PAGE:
In the multi-ethnic and multi-confessional empires of the medieval and early modern Middle East, religion was a defining characteristic of community identity, exemplified in the millet system of the Ottoman Empire. In Safavid Iran too, Christians enjoyed protected status and communal autonomy as zimmis (people of the book) in return for the payment of supplementary taxes. That, at least, was how it worked in theory.
This lecture will explore this question through the experiences of Safavid Armenians and Georgians, focusing on the several ways in which their case deviates from the norm. Prof. Herzig will argue that the novelty of Shiʿism as a state religion combined with the Safavid system of highly personalised royal power created new challenges and opportunities for the rulers, Muslim clerics, Armenians and Georgians alike. On the one hand Christians’ security and freedom of religion were frequently threatened, while on the other some Georgians and Armenians became members of the Safavid elite – trusted servants of the Shahs as officers, administrators, diplomats and merchants. Many converted to Islam, either voluntarily or involuntarily, but they retained, nevertheless, elements of their Georgian or Armenian identity and even, in some cases, reverted eventually to their Christian faith.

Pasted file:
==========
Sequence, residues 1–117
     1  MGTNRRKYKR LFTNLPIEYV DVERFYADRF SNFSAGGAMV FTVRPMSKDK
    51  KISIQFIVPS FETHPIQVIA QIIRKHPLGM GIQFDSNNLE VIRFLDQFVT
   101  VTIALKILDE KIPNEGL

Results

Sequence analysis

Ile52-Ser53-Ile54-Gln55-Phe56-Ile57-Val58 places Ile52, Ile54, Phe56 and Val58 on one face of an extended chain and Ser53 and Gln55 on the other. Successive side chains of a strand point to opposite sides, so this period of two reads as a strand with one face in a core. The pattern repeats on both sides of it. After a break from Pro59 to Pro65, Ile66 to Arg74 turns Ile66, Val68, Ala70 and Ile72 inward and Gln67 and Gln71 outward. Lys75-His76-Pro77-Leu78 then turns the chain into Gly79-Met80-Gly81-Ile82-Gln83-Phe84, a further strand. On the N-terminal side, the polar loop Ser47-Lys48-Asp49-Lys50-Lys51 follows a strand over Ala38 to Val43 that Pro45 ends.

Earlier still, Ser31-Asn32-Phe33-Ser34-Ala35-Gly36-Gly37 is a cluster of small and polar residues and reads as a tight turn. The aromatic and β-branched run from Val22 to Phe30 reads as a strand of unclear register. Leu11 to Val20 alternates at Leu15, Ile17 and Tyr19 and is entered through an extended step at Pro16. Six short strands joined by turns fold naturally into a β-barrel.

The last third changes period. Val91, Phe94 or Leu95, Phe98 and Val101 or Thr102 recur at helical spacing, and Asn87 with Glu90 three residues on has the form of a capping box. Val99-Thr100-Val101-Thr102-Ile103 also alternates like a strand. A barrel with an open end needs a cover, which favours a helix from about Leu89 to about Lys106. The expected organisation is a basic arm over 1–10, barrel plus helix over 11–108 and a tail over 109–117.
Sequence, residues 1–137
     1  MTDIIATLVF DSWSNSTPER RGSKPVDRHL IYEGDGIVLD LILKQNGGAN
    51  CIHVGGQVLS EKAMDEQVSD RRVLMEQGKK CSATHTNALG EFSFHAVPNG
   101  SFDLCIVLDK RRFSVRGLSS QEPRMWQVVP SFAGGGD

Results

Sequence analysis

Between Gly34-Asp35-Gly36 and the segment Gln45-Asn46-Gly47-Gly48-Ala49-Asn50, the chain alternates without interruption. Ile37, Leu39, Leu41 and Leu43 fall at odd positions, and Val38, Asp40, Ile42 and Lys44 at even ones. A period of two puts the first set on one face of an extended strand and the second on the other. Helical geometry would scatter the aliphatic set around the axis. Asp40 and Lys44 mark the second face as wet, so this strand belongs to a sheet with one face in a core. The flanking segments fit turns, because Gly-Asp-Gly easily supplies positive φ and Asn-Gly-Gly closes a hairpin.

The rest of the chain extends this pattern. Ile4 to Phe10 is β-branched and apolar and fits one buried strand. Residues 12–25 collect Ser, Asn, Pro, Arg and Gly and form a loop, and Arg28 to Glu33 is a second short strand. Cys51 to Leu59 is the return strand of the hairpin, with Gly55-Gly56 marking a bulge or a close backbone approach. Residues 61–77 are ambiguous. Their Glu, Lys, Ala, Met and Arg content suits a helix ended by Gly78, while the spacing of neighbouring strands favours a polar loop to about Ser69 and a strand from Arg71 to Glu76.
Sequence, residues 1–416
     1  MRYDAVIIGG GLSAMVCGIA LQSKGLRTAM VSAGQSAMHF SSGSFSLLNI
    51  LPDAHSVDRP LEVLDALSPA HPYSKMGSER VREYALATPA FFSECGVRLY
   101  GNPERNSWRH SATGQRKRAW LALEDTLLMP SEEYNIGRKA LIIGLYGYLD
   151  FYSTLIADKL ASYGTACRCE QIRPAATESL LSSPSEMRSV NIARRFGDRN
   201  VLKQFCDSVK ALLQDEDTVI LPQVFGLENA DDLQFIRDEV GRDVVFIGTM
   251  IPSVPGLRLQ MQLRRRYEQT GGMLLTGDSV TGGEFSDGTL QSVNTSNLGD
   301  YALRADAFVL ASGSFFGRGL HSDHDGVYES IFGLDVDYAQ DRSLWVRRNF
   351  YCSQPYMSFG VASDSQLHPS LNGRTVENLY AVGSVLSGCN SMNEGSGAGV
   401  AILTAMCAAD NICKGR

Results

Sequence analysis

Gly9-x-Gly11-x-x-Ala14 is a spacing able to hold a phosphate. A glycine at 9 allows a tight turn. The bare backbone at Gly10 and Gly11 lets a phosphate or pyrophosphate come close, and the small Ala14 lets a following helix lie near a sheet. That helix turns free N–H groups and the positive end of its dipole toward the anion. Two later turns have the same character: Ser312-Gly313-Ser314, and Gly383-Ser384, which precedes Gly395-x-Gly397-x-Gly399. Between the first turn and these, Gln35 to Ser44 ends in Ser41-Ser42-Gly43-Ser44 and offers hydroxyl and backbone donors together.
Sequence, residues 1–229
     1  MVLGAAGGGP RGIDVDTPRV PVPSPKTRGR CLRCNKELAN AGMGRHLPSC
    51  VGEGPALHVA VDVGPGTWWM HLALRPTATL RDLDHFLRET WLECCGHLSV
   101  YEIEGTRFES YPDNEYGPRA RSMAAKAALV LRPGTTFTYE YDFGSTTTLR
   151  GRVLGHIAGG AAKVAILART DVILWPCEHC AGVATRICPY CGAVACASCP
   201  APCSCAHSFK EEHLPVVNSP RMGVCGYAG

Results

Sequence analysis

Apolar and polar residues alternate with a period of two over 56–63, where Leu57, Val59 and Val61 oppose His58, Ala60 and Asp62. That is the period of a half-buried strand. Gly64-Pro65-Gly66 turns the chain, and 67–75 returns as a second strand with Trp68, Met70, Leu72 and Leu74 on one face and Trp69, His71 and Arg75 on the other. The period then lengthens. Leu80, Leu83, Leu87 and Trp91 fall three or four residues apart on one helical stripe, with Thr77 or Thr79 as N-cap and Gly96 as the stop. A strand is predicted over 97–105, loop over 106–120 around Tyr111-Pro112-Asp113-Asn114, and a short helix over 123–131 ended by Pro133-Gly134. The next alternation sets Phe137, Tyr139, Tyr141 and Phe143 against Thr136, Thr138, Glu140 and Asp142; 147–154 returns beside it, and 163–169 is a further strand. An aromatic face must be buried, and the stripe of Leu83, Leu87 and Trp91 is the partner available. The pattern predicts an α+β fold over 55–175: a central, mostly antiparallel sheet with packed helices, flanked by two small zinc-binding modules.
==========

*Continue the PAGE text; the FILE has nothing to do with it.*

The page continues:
Edmund Herzig is Masoumeh and Fereydoon Soudavar Professor of Persian Studies at the University of Oxford. After a BA at Cambridge and a year’s graduate study at Princeton he studied for his doctorate at Oxford, with a year at Yerevan State University. He wrote his thesis on the New Julfa Armenian merchants of Safavid Isfahan, and has continued since to work on Safavid history, with a special interest in the Julfa Armenians and the relationship between history and identity in Iran, Armenia and the Caucasus.